This is a guest article written by Dr. Mary Sue Dreier, one of our keynote speakers from the 2015 Virginia Synod Assembly. Dr. Dreier is the Associate Professor of Pastoral Care and Missional Leadership as well as the Inerim Associate Dean of the Lutheran Theological Southern Seminary School of Theology.
After this the Lord appointed seventy others and sent them on ahead of him in pairs to every town and place where he himself intended to go.
At the Virginia Synod Assembly in June, each congregational group conducted a brief demographic study as part of the theme, "Ambassadors for Christ: Knowing Our Congregational Neighborhoods to Do God's Will." This is the first article in a three-part series over the next three months which will continue the journey into our neighborhoods.
I teach a course at Lutheran Theological Southern Seminary (LTSS) called, "Foundations in Christian Mission." The focus for the course is the mission field right here in North America, right here in our own backyards. Every congregation today is on a mission field. The students taking the course are placed into small groups of 4-5 people, and sent out into the community to study a congregation of their choosing throughout the semester.
As they go out, I tell them they are "detectives of divinity" with the two questions that I posed at Synod Assembly: "What is God doing?" and "What is God calling this congregation to be and to do?" Part of their "detective work" involves gathering demographic data like you or members of your congregation did during the Assembly. Another part is interviewing. They interview members of the congregation and they interview members of the surrounding neighborhood.
There are often two big surprises that come out of the neighborhood interviews. Surprise #1: People in the neighborhoods often know little or nothing about a congregation-even if it's been there for many years, perhaps 100 years or more! Students may walk up to a person on the street, talk to someone in a neighborhood cafe, or stop at an auto parts store or beauty salon. They frequently hear things like, "Hosanna Lutheran Church? I think I've heard of it but, no, I really don't know much about it." Surprise #2: People in the congregation are usually surprised that people in the neighborhoods don't know much about them! It's easy to assume that others are aware of who we are, what Sunday worship is like, and why our congregations even exist. But they often don't.
Perhaps you'd like to do some "detective work" in your community and, in the process, get to know some neighbors-and have some interesting new conversations. Here are the types of questions students in my class ask:
- How long have you lived and/or worked in this neighborhood/community?
- Tell me a couple things you really like about this neighborhood/community.
- Tell me a couple things that concern you about this neighborhood/community.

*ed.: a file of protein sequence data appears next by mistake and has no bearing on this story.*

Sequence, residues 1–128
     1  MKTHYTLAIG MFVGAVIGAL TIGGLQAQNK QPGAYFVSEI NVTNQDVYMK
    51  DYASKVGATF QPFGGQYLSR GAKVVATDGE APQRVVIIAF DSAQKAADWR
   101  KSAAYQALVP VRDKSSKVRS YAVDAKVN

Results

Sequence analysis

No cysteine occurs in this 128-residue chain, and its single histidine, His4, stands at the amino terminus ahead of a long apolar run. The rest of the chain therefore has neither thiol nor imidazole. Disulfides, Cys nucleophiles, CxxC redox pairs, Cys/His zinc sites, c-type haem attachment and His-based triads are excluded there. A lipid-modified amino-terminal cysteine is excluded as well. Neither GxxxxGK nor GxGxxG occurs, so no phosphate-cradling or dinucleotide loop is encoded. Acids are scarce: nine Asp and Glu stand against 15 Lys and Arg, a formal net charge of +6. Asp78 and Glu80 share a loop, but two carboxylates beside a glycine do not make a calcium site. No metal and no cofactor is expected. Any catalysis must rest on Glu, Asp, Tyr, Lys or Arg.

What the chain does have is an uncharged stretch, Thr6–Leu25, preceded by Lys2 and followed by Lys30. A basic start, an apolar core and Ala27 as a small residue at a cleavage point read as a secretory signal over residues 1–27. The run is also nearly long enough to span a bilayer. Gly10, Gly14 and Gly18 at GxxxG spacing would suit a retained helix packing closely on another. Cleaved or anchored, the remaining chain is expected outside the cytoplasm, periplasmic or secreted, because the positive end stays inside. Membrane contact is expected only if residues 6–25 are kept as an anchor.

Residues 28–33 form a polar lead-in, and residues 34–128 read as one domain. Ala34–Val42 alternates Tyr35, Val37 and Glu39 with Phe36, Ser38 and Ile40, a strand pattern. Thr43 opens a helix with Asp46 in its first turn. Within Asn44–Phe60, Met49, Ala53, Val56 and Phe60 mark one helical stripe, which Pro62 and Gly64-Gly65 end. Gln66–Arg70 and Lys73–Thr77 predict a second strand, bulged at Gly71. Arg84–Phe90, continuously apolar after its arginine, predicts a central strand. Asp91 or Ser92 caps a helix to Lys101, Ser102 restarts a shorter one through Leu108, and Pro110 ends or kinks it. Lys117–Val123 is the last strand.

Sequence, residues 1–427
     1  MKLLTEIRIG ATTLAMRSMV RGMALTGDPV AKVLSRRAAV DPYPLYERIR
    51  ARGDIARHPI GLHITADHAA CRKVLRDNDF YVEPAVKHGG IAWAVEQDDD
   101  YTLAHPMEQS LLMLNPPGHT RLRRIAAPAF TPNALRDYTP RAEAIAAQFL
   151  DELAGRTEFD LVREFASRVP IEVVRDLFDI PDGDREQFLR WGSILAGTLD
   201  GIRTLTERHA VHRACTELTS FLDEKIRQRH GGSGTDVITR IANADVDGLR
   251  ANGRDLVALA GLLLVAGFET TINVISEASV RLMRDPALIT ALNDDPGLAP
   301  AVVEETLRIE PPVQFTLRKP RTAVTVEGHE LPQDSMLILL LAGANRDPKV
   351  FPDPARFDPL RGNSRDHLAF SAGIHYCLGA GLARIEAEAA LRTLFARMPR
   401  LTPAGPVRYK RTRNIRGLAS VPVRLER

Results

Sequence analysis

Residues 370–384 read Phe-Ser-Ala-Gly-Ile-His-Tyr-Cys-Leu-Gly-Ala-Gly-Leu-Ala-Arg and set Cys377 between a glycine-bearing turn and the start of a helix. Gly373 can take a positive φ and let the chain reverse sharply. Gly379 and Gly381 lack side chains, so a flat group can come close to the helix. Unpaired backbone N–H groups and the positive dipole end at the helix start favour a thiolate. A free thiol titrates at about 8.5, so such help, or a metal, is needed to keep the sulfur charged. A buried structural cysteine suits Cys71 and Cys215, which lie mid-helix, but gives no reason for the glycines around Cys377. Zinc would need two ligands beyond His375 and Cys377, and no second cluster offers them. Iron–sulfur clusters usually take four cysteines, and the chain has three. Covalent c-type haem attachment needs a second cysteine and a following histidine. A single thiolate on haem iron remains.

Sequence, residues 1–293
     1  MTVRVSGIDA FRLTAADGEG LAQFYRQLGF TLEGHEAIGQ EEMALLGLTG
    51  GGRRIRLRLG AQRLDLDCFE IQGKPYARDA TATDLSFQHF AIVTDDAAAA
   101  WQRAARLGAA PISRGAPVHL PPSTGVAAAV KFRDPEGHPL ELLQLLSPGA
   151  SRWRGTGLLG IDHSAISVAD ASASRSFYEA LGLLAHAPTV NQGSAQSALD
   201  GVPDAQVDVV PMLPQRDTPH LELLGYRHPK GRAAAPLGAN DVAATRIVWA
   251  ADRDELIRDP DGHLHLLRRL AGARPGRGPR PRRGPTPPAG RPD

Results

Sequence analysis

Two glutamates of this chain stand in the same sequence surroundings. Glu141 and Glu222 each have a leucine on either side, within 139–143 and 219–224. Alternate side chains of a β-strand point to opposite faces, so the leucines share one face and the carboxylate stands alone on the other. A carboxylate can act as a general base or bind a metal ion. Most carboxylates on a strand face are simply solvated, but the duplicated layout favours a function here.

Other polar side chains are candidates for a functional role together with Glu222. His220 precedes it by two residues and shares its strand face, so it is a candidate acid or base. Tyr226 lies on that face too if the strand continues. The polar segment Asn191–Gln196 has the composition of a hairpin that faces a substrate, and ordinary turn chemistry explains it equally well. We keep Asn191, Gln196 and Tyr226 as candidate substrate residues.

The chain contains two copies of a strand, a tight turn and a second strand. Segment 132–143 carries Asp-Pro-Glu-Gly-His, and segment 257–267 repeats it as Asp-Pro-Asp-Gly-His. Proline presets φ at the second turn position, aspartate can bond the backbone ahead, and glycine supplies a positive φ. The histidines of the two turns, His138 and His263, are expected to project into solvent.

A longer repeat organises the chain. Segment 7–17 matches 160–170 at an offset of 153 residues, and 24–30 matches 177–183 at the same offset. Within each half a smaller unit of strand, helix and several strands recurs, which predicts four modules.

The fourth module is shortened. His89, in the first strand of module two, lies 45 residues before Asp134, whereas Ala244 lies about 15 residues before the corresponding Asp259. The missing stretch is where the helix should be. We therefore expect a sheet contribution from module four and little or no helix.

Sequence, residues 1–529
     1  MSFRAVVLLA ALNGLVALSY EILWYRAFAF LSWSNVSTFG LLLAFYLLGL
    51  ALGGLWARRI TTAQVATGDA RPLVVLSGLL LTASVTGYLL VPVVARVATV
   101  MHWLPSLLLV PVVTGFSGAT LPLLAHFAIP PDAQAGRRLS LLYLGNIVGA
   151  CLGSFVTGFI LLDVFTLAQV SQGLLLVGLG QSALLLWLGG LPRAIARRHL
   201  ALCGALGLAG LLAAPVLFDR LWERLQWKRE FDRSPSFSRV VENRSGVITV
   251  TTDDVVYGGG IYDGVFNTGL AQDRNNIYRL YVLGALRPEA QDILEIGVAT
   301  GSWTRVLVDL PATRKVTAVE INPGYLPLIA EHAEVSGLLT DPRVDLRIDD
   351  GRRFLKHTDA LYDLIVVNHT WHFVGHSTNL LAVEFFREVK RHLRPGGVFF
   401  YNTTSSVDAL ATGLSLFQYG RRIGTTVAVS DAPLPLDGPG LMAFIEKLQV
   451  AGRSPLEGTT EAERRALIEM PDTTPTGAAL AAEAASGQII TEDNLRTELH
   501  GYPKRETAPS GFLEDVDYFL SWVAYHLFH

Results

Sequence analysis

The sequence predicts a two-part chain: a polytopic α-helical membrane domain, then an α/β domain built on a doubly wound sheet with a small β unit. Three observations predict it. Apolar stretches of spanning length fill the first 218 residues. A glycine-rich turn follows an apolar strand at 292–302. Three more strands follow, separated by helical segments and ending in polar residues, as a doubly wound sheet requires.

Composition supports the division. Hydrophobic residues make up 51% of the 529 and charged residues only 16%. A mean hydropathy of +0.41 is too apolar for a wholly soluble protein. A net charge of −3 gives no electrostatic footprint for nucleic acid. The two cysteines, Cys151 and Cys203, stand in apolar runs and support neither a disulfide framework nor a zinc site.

- What two or three community organizations really contribute to the well-being of this community? In what ways are they helping?
- How do the churches in this area connect or contribute to the community? Are there particular churches that do so? What contribution(s) do you feel each is making?
- Are you familiar with (name of your congregation)? Can you tell me anything about it?
- If our congregation could connect or contribute well in this neighborhood, what suggestions would you have for us?
My husband Gary and I were mission developers of a new congregation in Minnesota. One day we were gathered around a small table with a few other folks, trying to figure out how to reach the people in the community who did not already go to church. Helen, herself an infrequent participant in churches, said, "You really want to know how to reach out in this community?" We leaned forward with great interest, "Yes, Helen. Please tell us." "Just talk to people!" she replied.
Just talk to people. I'm a lifelong Lutheran-and, honestly, her answer scared me. I was better at designing brochures, writing ads for the paper, leading small groups, and making plans for our first worship service. Just talk to people? Pretty scary stuff, really.
Now you've gathered important demographic information. A good next step is to find out what that data looks like "on the ground." Getting to know our neighborhoods also means getting to know our neighbors. Just walking around and talking, showing you care about the community, is a good next step. Here are a few suggestions:
- Get curious. Pick a few of the questions above-or design your own-that you would really like to ask some folks in your area.
- Find a partner. Go out in pairs like the disciples in the Bible. It's more fun (and less scary) that way!
- Think small. Pick a small area, plan to go out for just an hour or so, and try to talk to just a few people.
- Watch for God. Pray, trust that God is guiding you, and enjoy God's goodness in the community around you.
Earlier this fall, a congregation in our area of Columbia was wondering how to connect with its neighbors. Then the October floods came. They started going around the neighborhood, knocking on doors, asking if people were all right and if they needed anything. They got to know their neighbors.
You don't need to wait for a crisis like that. In "The Freedom of a Christian," Martin Luther suggests we think about life like this: "I will give myself as a Christ to my neighbor . . . since through faith I have an abundance of all good things in Christ." This is the month for Thanksgiving. Getting to know our neighbors is a good neighborhood way to celebrate Thanksgiving for God's faithful love among us all!
By: Dr. Mary Sue Dreier